Millions of Millennials can’t stop talking about Disney+, Gen Z has a new name for Gen X (and no, it’s not flattering), the Motorola Razr is making a glorious return, and all the other stories, trending videos, and content that’s occupying the internet this week…
The Disney+ Launch Was a Nostalgia-Fueled Internet Party
10 million people signed up for Disney+ on the first day, and if the internet is any indication, the majority were nostalgic Millennials who are binging the heck out of their ’90s favorites. Throwback ‘90s shows like Boy Meets World, Darkwing Duck, and Gargoyles all trended on social media this week as fans found them on the new platform. While a lot of the Disney+ conversations and posts (of which there were so. many.) were positive, the launch didn’t come without controversy. Thanks to the 10 million people who signed up for the service on a single day, the platform experienced some technical difficulties out of the gate. And some of the content available is getting attention because of a message warning viewers that the content may be outdated—a.k.a., racist.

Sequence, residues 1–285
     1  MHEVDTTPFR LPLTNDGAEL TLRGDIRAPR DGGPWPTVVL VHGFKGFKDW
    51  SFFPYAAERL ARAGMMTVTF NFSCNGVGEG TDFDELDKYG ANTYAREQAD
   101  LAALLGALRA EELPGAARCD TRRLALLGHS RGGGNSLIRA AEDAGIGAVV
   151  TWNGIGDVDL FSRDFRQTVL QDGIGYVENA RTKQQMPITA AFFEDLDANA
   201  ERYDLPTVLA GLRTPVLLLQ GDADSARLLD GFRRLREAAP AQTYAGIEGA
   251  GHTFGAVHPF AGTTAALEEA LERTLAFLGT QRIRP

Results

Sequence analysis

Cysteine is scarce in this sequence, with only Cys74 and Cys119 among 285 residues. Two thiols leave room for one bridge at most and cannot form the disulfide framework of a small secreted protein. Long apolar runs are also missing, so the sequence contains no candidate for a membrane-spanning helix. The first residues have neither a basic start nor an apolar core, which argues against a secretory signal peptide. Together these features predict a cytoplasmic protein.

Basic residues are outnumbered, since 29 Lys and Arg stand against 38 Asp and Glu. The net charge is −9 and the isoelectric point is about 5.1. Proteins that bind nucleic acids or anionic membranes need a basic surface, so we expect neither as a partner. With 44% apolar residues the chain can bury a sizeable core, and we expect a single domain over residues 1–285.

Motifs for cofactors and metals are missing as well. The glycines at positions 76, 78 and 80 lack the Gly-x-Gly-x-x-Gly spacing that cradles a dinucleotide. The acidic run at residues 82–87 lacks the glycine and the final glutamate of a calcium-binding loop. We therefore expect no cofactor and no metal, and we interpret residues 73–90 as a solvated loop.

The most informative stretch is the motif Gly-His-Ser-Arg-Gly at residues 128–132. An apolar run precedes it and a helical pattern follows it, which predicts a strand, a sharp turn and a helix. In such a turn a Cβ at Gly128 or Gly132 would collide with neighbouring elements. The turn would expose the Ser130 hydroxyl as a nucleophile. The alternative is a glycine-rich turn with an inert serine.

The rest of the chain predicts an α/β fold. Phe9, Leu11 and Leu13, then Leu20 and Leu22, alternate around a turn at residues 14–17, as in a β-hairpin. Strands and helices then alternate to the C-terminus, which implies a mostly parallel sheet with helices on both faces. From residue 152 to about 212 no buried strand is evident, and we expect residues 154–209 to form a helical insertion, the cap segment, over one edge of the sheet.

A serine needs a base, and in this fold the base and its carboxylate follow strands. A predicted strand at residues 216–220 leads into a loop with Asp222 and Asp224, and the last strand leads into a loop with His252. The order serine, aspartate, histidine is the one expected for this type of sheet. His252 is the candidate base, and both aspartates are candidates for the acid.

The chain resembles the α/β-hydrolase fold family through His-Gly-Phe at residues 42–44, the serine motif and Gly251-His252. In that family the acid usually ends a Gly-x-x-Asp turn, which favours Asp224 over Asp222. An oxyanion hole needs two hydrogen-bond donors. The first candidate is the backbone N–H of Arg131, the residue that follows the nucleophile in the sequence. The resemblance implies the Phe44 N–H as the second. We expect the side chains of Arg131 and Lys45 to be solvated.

Is Gen X is “the Karen Generation”?
The generational strife is spreading. First, Gen Z and Millennials came up with a new, quippy, retort to shame Boomers. Now, Gen Z has Gen X as their target. This week, thanks to a BuzzFeed article, news spread that young consumers are now calling Gen X the “Karen generation,” as in, “the middle-aged white mom who is always asking for the manager and wondering why kids are so obsessed with their identities.” The insulting label spread on Twitter and TikTok, where comments included “gen x just out here yelling at fast food and retail employees.” Sorry, Xers.
The Razr Is Back, All Hail the 2000s
Gargoyles and Darkwing Duck aren’t the only Millennial faves that came back from the dead this week. Motorola announced that they’re bringing back their iconic Razr phone in 2020, reviving the famous tech as a foldable smartphone. Headlines and nostalgia were everywhere, with some marveling at the $1,500 price tag. Though clearly fueled by nostalgia, the response to the device could tell us a lot about the future of foldable phones, which have not been a runaway success so far. Of course, we’ll have to wait until next year to see how many will actually buy it.